Deutsche Bank’s DWS Slumps After U.S., Germany ESG Probe
(Bloomberg) -- Deutsche Bank AG’s asset-management arm DWS Group slumped the most in almost 18 months after authorities in the U.S. and Germany began a probe into allegations that the firm exaggerated the environmental or social credentials of some ESG-labeled investment products.
BaFin, the firm’s local financial markets regulator and U.S. prosecutors are looking at recent claims made by DWS Group’s ex-sustainability chief, Desiree Fixler, that the firm declared more assets had been screened for ESG criteria than they actually had, according to people familiar with the matter.
DWS said it stands by its annual report disclosures and rejected what it called “unfounded allegations.” The company will “remain a steadfast proponent of ESG investing as part of its fiduciary role on behalf of its clients,” DWS said in a statement late Thursday.
The news of the probes had sent DWS’s stock down 13.7% earlier on Thursday, the biggest decline since March last year when the coronavirus pandemic hit financial markets. Deutsche Bank fell 2.3% at the 5:30 p.m. close in Frankfurt.
The probe adds to a slew of existing legal headaches for Deutsche Bank Chief Executive Officer Christian Sewing as he seeks to take advantage of the fast-growing trend for investments that aim to further environmental or social goals. The lender has also been criticized by the U.S. Federal Reserve for failings in its controls, while German supervisor BaFin has boosted its money-laundering monitor at the bank. There’s an internal investigation into whether it mis-sold foreign-exchange derivatives.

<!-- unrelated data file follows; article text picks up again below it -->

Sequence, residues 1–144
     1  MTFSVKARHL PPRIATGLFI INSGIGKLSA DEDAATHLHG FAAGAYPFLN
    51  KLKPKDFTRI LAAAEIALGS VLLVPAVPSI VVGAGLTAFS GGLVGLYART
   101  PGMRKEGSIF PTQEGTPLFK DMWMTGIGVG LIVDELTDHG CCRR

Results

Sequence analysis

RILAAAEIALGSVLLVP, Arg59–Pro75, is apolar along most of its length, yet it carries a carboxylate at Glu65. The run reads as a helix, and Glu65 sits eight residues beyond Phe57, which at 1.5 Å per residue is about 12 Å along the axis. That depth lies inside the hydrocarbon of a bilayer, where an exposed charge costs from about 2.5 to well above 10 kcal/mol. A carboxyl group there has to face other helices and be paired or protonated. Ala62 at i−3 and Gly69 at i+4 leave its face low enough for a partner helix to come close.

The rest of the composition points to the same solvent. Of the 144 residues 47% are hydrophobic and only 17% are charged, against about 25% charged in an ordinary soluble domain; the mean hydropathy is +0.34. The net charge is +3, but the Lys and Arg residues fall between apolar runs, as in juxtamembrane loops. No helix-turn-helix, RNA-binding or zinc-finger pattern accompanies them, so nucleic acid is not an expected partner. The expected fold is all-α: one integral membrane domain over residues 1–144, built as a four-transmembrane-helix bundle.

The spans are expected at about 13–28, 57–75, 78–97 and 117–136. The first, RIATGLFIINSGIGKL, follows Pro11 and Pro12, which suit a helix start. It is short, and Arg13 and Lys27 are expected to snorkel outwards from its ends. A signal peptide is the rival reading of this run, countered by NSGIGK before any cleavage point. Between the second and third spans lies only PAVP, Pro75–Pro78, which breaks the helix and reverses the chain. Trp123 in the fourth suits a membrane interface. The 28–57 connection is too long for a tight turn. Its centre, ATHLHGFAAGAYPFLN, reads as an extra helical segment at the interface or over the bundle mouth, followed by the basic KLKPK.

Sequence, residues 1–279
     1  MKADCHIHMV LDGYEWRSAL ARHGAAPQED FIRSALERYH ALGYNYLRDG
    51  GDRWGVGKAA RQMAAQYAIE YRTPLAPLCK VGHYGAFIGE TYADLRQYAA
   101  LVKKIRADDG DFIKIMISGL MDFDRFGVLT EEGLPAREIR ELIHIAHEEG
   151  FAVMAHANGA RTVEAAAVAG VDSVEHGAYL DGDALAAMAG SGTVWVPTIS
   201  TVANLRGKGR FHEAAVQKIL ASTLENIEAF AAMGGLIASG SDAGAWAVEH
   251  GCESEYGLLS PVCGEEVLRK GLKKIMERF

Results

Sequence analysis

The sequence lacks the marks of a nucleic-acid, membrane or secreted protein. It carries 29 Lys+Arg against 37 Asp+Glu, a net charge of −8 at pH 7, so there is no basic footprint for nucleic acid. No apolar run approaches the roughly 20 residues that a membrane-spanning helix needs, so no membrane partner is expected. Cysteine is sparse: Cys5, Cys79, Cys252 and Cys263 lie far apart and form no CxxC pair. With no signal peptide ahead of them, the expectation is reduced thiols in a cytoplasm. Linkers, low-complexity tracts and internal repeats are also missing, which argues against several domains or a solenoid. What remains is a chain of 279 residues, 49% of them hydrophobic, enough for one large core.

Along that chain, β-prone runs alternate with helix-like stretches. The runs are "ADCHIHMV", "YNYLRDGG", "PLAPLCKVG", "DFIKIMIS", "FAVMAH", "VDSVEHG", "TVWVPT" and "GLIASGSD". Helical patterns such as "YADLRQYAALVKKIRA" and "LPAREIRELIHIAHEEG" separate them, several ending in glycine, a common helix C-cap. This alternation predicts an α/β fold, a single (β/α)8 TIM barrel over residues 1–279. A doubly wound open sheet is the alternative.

A Bafin spokeswoman said by phone that it generally probes allegations given by whistle-blowers, though declined to comment on individual companies.
The investigation is also a setback for DWS CEO Asoka Woehrmann who has made sustainability a key plank of his strategy for the asset manager.
“We feel strongly about the change needed in the global economy to ensure prosperity and sustainability for our future generations,” he said in April. “It is our declared ambition to help lead this change.”
The probe comes after Fixler told the Wall Street Journal earlier this month that the asset manager’s actions on green products fell short of its words. Fixler started in DWS’s newly created role of group sustainability officer in September 2020, and was dismissed earlier this year, just months later.
The Securities and Exchange Commission and federal prosecutors represented by the U.S. attorney’s office in Brooklyn are probing DWS after her claims, the Journal said when it first reported the news late Wednesday.
“If regulators are investigating DWS’s ESG credentials claims, this could be an issue that has implications across the sector as it sets a precedent for regulators’ sustainability reporting expectations,” said Mandeep Jagpal, an analyst at RBC Europe Ltd.
Fears that investment managers will be tempted to over-state the environmental and social benefits of their products are causing regulators to pay greater attention to their claims. In March, the SEC formed a task force aimed at investigating financial institutions’ sustainability claims, to “pro-actively identify ESG-related misconduct.”
Europe’s asset management industry already had to remove the ESG label from an estimated $2 trillion in assets between 2018 and 2020, as tougher regulations were gradually put in place. Europe’s Sustainable Finance Disclosure Regulation, which took effect in March, requires asset managers to document claims of sustainability in their portfolios, as policy makers in the region set the world’s most ambitious agenda to drive capital away from carbon emitters.
German investment firms managed 361 billion euros ($422 billion) in sustainable funds, or 10% of the country’s total fund market, at the end of June, according to BVI, the industry’s lobby group.
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